That is not to say, however, that Hamlet was ever truly a light character to begin with. It is true that he is always hesitant to exact revenge or end a life, but there comes a point where his actions contradict his inner turmoil. In one memorable scene, he refuses to murder a praying Claudius, claiming that “ this same villain send to heaven” were he murdered in a moment of faith (3.3.1). In another instance, he laments over whether or not to commit suicide and decides against it, yet drives Ophelia to do so with seemingly little remorse until Act V. To Gertrude, as well, he shows nothing but contempt, calling her marriage a foray into “incestuous sheets” (1.2.159). This ill regard for women is apparent even before he feigns insanity, and possibly stems from bitterness over his father’s death .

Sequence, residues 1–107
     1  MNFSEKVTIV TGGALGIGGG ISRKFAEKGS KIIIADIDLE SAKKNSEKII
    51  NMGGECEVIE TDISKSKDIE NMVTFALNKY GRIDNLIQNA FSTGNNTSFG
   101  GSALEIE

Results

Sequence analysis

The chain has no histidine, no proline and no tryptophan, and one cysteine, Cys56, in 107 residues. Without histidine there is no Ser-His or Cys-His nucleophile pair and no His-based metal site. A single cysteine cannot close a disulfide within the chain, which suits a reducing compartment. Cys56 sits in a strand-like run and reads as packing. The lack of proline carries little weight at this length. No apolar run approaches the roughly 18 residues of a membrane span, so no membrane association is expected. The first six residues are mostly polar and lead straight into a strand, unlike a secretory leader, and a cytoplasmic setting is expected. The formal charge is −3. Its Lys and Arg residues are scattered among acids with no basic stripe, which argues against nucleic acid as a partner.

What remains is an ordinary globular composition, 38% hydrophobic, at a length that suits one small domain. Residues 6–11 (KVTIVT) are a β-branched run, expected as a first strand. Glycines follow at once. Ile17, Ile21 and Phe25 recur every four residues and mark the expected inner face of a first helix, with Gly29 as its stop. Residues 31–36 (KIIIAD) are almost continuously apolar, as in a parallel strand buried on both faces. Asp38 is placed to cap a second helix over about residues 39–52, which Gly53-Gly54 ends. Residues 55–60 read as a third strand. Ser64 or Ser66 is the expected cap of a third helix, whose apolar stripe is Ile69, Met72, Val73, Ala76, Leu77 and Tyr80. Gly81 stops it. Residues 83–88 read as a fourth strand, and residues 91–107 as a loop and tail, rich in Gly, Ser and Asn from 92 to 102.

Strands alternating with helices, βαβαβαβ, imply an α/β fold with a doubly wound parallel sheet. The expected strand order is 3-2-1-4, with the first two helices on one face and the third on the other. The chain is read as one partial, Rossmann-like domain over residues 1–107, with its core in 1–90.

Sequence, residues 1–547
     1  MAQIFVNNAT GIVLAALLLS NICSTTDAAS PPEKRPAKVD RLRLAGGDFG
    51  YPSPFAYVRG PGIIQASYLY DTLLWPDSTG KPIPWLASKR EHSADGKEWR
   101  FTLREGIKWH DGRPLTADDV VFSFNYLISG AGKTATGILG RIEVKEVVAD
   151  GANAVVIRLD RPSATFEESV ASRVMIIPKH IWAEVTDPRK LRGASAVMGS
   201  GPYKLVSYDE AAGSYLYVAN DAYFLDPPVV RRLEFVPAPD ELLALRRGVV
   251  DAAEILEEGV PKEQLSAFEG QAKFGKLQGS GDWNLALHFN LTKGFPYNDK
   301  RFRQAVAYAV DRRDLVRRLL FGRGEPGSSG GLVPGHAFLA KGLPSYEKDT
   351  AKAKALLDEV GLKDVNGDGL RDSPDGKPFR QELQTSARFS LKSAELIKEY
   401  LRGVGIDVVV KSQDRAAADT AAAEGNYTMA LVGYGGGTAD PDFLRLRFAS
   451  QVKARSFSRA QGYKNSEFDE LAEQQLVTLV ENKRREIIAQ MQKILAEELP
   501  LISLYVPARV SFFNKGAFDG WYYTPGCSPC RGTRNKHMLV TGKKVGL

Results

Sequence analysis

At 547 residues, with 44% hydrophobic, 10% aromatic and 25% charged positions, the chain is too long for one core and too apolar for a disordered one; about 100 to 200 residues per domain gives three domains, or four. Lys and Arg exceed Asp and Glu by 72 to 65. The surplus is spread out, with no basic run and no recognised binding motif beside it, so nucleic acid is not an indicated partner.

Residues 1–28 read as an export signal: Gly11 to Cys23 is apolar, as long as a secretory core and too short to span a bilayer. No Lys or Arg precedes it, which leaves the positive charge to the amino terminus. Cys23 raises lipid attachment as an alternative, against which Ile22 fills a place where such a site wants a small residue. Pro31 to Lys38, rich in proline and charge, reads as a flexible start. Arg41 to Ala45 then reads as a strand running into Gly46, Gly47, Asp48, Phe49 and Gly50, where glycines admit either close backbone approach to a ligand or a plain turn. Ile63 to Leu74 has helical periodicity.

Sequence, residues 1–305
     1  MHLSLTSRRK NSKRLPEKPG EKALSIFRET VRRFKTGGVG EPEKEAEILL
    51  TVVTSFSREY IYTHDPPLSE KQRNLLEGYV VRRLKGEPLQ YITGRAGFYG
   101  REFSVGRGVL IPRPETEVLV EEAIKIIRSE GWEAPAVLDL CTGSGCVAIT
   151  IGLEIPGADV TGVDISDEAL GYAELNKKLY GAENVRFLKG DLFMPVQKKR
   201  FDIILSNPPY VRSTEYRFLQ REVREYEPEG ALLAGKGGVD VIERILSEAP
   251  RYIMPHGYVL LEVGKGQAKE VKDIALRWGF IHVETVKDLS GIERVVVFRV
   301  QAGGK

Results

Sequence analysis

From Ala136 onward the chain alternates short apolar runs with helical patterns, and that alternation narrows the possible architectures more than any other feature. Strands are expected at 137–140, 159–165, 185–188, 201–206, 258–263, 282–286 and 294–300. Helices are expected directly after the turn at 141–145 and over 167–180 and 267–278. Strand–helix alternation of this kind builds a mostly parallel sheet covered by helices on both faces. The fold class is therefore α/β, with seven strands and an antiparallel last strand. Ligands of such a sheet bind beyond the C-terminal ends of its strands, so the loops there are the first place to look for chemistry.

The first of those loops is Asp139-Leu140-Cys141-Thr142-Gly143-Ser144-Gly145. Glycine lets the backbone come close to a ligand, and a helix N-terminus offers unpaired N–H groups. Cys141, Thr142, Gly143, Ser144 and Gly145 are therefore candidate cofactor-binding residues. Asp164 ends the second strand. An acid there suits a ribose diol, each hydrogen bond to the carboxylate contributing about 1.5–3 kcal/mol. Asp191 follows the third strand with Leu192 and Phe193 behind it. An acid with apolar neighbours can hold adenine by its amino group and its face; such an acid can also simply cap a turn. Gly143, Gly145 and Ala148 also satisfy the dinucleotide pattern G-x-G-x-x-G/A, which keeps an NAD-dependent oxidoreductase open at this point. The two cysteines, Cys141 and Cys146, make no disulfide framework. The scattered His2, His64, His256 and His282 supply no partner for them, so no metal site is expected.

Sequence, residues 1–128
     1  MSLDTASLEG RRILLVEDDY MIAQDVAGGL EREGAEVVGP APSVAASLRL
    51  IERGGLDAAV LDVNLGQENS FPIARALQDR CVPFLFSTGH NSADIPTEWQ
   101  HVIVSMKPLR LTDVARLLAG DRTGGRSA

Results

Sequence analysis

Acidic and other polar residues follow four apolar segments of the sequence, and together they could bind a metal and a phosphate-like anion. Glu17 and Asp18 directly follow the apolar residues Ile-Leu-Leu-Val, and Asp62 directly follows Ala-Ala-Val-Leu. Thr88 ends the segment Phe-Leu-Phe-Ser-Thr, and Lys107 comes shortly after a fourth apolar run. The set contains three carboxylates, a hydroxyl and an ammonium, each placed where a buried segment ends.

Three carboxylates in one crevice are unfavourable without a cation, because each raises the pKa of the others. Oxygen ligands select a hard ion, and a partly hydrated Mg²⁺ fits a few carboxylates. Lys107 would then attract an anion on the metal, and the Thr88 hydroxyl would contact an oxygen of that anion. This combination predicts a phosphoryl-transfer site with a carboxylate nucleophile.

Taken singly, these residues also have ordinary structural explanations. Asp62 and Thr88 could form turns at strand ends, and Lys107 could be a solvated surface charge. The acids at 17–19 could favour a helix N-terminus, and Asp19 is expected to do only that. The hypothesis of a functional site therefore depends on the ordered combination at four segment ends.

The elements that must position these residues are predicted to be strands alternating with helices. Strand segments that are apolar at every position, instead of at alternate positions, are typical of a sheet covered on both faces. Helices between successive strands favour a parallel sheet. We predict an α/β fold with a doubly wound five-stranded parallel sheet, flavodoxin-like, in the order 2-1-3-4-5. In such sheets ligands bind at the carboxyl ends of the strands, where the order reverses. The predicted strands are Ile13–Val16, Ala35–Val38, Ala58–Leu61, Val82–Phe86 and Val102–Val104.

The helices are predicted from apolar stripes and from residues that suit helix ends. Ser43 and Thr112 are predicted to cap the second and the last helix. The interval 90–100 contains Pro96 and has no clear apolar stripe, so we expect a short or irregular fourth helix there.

This change from an disenchanted youth content to stew over his mother’s marriage and father’s death to a man of increasing madness and frustration effects not only himself, but nearly everyone in the play. The characters are subtly forced to choose sides and the results of their decision end in either death or misfortune. Rosencrantz and Guildenstern remain loyal to Claudius, thus effectively turning their backs on Hamlet. Polonius does the same until his dying day, which ends in murder at the hands of Hamlet, a betrayal to Laertes as well. Ophelia’s relationship with her father is spoiled by his warning her against Hamlet, and the couple’s relationship is spoiled by Hamlet’s betrayal of her emotions. Though Laertes, in Act V, acknowledges his actions by declaring that he is “justly kill’d with mine own treachery”, the seeds have already long been sewn (5.2.12).